Also, if a UND student gets called away from class for any kind of military duty longer than 14 days, their tuition and fees are refunded at 100 percent.
All North Dakota students, regardless of their state of residency, are eligible to take advantage of the state's "drop" policy that allows them to halt classes without penalty if they are called away for military duty. But at UND, instructors also are given the discretion to work with students to register a grade as "incomplete," or, if enough progress has been made during a semester, they can issue a grade based on the students' performance to that point.
Student veterans at UND also are eligible for priority registration no matter if they are an incoming freshman or a transfer student from another school. This ensures that veterans get the classes they need sooner. Typically, UND students register based on the amount of credit hours they have accrued.
Another important component of UND's handling of veterans' needs is the "one-stop-shop" setup of its Veterans Affairs office. Carol Anson, UND's certifying official, has the power to work with students and take care of matters that, at many other schools, would be handled by multiple offices. All she needs to see is a verification of military orders. This model is especially valuable in cases where students are called away to duty.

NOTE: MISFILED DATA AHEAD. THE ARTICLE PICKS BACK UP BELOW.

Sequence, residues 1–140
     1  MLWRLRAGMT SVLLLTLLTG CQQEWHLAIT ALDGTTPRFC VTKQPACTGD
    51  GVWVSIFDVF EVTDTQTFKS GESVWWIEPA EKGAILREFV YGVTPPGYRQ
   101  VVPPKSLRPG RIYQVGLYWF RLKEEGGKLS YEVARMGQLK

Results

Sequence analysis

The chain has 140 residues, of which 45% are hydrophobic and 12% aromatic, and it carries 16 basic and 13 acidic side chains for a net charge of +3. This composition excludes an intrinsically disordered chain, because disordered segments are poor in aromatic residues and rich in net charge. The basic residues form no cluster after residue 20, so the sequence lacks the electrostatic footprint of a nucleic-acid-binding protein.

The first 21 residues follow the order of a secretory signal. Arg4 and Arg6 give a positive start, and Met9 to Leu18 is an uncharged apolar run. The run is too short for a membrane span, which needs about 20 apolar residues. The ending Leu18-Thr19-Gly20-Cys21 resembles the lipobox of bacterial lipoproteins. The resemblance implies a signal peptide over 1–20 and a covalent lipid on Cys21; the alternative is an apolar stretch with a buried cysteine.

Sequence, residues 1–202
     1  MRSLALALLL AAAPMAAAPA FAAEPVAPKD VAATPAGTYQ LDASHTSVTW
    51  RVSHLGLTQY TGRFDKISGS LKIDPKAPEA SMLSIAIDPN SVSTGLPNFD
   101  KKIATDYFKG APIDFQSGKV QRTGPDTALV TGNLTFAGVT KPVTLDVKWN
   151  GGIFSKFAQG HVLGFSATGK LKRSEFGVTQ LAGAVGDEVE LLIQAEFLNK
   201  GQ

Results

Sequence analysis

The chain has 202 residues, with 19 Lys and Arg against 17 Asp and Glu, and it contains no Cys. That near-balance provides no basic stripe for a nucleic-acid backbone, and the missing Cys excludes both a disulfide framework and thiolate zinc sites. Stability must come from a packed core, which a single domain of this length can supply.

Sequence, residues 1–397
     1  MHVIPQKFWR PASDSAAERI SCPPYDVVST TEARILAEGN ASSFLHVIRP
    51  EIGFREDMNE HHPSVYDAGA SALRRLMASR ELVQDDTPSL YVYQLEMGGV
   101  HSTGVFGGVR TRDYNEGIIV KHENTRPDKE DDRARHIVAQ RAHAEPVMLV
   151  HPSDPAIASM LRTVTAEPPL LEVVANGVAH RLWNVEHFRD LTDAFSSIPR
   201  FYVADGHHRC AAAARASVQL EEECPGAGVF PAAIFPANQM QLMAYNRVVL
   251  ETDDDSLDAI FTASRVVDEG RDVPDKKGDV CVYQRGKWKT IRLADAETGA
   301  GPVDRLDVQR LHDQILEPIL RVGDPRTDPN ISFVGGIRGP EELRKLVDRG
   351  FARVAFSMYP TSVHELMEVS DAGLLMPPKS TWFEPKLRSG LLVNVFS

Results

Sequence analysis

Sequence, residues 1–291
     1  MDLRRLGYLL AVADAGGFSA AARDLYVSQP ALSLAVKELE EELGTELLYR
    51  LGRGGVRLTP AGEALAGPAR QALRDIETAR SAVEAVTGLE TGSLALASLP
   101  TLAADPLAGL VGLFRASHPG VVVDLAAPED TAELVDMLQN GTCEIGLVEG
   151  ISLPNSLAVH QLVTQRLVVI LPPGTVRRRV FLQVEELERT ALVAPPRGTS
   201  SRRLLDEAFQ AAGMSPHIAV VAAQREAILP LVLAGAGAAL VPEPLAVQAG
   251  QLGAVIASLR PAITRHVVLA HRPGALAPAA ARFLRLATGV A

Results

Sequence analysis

Another major UND initiative has been to offer preferential enrollment, into certain classes, for servicemembers and veterans. Initially, sections of psychology and English composition were set up for this purpose.
Instructors for the courses are handpicked so that they have some level of prior military involvement or experience with servicemen and women. The courses are ones that most meet the needs of returning veterans. The results have been so successful that UND has decided to add sociology and speech to the list of veterans-only class sections.